British protest singer Billy Bragg doesn’t rattle easily, although he admits to having a crazy time after singing a duet of Bob Dylan’s “If Not For You” with Olivia Newton-John on a BBC TV variety show, then returning to his posh London hotel — where Justin Bieber also was staying. Read More
Beirut-born artist Mika didn’t go looking for a major movie role. It found him.
After his multiplatinum 2007 debut, “Life in Cartoon Motion,” made him an international pop sensation, the photogenic, Freddie Mercury-voiced singer began traveling in increasingly lofty social circles.
One night, he was dining with his good friend Christian Louboutin, who had been designing stage shoes for him, and seated at their table was famed French actress Fanny Ardant. Read More
In mid-1970s London, the Sex Pistols had anger as a motivator, punk rock as a movement and the Malcolm McLaren-Vivienne Westwood boutique SEX as a hipster hangout. Copenhagen claims a modern equivalent: The Joy Division-urgent punk quartet Iceage, which leads a wave of teen and 20-something malcontent outfits dubbed “the new way of Danish f*** you”; the scene revolves around the Posh Isolation record label and store. Members play in multiple bands, says Iceage drummer Dan Kjaer Nielsen, 21, who’s also in Sejr. But it’s not punk rock, per se, he clarifies. Read More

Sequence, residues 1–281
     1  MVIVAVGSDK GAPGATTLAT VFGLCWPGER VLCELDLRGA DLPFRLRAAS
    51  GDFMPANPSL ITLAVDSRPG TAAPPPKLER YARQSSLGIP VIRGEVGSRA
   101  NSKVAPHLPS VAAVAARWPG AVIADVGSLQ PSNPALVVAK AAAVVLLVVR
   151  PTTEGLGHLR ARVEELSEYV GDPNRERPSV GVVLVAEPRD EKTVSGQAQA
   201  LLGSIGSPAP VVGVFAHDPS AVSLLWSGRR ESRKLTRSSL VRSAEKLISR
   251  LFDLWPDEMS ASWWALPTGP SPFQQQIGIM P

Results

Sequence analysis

Carly Ritter is proud to be listed on the Internet Movie Data Base, just like her father, the late comedic actor John Ritter, although she says it’s a fluke. One entry refers to a crawl-on cameo for a film about parenting; others were for appearances in two recent shorts, “Slice” and “Monsieur Balloons.”
“Those were just friends asking me to play little roles, so I don’t know how well I did for them,” she says. “I didn’t get that gift from my family — my brothers are both amazing, and my little sister has it, definitely. But I think it might’ve missed me somehow.” Read More
Charlotte Church hopes her fans got the memo: She’s no longer the classical child prodigy whose 1998 “Voice of an Angel” debut sold more than 10 million copies.
Now 27, the Welsh diva and mother of two and her guitarist boyfriend Jonny Powell have created a new two-EP anthology, “One & Two,” in her garage studio.
She believed so much in the gothic sound on the self-produced, 4AD-lush tracks (such as “Glitterbombed” and “Beautiful Wreck”) she launched her own imprint, Alligator Wine, to release them. She designed the spooky cover art, too. Read More